If a career services department does not have these roles represented by full-time staff, Blake suggests it considers augmenting its staffing structure with students to achieve strategic goals and advance the departments’ progress.

    “If you cannot fund a student position for an entire year or semester, consider hiring a student on a freelance basis for a particular project,” she adds. “This opportunity will be beneficial to you and to the student who gains important experience working on the project.”

    Blake says limited resources may cause career center staff to believe they are not able to have a large-scale student employment program. If this is the case, she suggests collaborating with other departments within the university and getting creative.

    “Ask an HR class to take on developing a student employee manual as a project,” Blake says. “Work with a communication class to develop promotional tools as a class project and use their finished project. Most universities have a federal work study program, which will subsidize the expense associated with hiring student employees.”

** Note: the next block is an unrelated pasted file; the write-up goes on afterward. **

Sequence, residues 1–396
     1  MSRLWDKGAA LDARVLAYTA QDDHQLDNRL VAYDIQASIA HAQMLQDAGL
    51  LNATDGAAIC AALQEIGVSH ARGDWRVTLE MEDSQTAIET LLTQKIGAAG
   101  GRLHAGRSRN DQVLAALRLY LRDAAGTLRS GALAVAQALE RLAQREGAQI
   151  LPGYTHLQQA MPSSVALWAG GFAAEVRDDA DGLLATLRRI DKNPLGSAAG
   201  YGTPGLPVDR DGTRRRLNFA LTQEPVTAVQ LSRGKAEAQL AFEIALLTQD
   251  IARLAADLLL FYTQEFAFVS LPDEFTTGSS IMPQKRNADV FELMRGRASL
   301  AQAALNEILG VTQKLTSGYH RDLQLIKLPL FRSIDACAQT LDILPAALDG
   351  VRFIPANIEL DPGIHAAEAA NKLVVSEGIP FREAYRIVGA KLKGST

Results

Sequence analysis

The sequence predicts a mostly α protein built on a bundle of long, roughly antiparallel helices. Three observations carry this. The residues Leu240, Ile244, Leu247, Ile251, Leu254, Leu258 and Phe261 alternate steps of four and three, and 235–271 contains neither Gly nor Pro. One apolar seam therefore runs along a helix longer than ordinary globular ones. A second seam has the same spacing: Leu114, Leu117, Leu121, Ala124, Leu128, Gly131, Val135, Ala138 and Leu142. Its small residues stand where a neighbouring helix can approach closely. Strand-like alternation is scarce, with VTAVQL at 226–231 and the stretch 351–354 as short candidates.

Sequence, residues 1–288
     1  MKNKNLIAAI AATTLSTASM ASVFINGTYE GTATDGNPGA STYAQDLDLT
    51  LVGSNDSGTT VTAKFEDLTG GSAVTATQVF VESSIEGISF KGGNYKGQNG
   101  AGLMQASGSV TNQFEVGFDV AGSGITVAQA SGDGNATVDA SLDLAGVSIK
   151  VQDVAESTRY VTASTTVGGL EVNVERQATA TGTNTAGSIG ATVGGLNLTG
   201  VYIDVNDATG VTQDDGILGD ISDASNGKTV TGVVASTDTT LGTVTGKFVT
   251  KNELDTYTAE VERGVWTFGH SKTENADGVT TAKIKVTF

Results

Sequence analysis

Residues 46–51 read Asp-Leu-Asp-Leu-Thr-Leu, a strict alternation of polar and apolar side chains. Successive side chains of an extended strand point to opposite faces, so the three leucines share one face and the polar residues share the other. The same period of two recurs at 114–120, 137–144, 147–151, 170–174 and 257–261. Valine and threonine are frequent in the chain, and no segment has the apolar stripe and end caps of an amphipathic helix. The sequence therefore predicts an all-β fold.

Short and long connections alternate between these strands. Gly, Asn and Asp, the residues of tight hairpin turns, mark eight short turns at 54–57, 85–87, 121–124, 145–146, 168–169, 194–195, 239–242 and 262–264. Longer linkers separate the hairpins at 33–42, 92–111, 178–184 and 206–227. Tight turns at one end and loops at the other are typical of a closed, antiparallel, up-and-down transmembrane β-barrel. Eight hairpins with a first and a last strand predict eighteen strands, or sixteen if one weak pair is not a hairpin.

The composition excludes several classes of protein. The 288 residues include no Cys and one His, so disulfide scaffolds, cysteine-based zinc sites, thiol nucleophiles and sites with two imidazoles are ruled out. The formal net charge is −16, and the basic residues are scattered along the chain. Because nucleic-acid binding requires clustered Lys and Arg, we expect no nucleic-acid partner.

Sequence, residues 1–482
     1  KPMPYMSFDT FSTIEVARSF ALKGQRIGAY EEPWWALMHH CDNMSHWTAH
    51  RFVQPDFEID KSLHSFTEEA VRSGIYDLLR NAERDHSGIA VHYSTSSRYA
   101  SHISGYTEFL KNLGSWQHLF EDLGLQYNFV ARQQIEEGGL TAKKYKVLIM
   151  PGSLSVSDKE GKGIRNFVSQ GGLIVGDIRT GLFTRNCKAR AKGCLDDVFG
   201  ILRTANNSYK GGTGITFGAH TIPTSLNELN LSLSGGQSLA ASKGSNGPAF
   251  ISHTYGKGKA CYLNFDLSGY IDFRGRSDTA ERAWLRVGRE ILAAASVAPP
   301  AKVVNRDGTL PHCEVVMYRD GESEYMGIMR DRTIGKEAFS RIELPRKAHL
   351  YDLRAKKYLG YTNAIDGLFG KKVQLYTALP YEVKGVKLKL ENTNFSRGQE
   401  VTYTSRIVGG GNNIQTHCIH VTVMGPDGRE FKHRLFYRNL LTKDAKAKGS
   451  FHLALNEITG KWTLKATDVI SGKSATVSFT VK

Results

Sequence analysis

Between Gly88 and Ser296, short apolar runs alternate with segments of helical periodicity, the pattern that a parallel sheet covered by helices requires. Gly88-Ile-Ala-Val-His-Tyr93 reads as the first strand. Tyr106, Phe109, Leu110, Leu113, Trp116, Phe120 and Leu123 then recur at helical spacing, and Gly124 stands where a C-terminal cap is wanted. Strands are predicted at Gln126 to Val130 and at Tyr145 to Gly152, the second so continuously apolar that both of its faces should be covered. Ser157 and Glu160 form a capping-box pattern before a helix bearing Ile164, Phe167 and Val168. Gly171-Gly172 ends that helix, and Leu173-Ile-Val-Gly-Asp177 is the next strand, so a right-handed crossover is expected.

Another common misconception is that student employees are not knowledgeable enough to provide a high level of assistance. However, Blake counters that while a good student employment program should always include training, students are much more capable than some give them credit for. In many instances, she says, students bring new ideas and more in-depth knowledge to certain tasks (e.g., social media administration and technology awareness). 

    “Every day on campus, students are participating in leadership opportunities where they work with a team to coordinate large-scale programs, concerts, fundraising events, and even conferences,” she explains. “This is what career services offices do to attract employers to recruit our students. So, trust in the training you do and trust that student employees can get the job done if you provide the necessary support.”